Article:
Even though she isn’t in session year-round, she is still constantly working for the people and trying to accomplish as much as she can in the state. Betty said she receives calls, hundreds of emails each day, letters, and many times people come up to her when she is grocery shopping in Plainville. She will meet with constituents and come up with a plan and a timeline of when issues can be addressed and hopefully resolved. If she can’t tackle an issue, she will forward that person to the appropriate department that can.
Before she was a state representative, Betty was an educator, worked in insurance, and also worked for the United Way. She was a Town Councilor, and chair of the council, when she was approached to run for office after former State Representative Eugene “Gene” Millerick decided not to run again. Betty said she is the first person in her family to run for an office, and after doing some research and talking with members of the legislature and Democratic Party she decided to run. She has been in office for 20 years and said she has no intentions of stepping down any time soon.
“My priority is service right now,” she said, adding that she is thankful for the support her family has provided over the last 20 years. “I don’t know how to do this job any other way,” than the way she does it now, she added.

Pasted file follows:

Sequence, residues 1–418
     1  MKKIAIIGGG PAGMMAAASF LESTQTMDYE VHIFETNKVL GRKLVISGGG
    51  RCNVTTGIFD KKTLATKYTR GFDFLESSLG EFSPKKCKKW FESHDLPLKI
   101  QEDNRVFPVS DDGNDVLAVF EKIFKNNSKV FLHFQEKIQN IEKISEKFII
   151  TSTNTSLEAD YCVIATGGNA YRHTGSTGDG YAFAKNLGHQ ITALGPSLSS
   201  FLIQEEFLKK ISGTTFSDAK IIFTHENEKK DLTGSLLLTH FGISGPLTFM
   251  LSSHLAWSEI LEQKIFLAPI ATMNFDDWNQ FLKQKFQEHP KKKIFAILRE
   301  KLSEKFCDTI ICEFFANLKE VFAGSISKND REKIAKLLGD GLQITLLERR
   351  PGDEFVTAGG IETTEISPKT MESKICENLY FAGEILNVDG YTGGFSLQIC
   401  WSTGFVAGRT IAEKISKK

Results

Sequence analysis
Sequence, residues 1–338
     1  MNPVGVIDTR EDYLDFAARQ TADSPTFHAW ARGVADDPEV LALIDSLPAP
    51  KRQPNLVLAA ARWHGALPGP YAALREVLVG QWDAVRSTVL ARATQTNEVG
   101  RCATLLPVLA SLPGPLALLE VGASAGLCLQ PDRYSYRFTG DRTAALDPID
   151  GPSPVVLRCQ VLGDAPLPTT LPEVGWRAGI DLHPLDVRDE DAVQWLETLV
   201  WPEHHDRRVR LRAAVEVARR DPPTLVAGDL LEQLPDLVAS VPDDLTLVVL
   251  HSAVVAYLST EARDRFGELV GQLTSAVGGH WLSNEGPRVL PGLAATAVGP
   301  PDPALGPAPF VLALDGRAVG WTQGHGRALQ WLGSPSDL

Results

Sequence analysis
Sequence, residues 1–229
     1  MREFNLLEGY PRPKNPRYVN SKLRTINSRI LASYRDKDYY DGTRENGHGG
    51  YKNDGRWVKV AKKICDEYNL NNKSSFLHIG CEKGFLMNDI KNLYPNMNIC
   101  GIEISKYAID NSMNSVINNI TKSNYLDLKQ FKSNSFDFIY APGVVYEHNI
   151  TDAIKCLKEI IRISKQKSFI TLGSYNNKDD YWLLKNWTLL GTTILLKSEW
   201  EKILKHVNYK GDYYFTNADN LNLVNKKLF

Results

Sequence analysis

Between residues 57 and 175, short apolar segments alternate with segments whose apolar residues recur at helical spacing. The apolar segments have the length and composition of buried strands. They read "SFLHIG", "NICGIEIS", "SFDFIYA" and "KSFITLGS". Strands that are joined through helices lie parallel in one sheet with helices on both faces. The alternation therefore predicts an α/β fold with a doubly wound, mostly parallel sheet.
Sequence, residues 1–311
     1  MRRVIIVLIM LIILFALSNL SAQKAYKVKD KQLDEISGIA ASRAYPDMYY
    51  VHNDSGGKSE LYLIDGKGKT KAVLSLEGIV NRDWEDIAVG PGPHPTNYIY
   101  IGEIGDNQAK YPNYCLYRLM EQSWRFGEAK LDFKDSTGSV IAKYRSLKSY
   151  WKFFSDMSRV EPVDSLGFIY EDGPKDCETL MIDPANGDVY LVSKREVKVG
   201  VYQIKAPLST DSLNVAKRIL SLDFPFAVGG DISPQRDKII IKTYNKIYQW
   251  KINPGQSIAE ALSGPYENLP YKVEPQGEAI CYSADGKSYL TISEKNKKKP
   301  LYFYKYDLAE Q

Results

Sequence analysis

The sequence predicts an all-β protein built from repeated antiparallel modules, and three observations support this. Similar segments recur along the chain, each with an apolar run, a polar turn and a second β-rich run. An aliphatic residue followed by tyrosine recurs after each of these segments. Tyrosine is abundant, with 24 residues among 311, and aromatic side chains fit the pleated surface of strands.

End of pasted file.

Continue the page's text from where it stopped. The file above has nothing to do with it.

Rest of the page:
As we walked through what seemed like a secret tunnel that joins the LOB and the State Capitol, Betty was able to give me some history on how she got started, what some of her favorite things are about being a state legislator, while also sharing some of her proudest accomplishments.
“It has been so rewarding,” she said, adding that she has been able to serve with former governors John Rowland and M. Jodi Rell, and has met so many people along the way, which she said is one of her favorite aspects about the job. She also said she was proud of being able to secure funding for after school programs in three towns, including Plainville, which did not have any after school program to offer.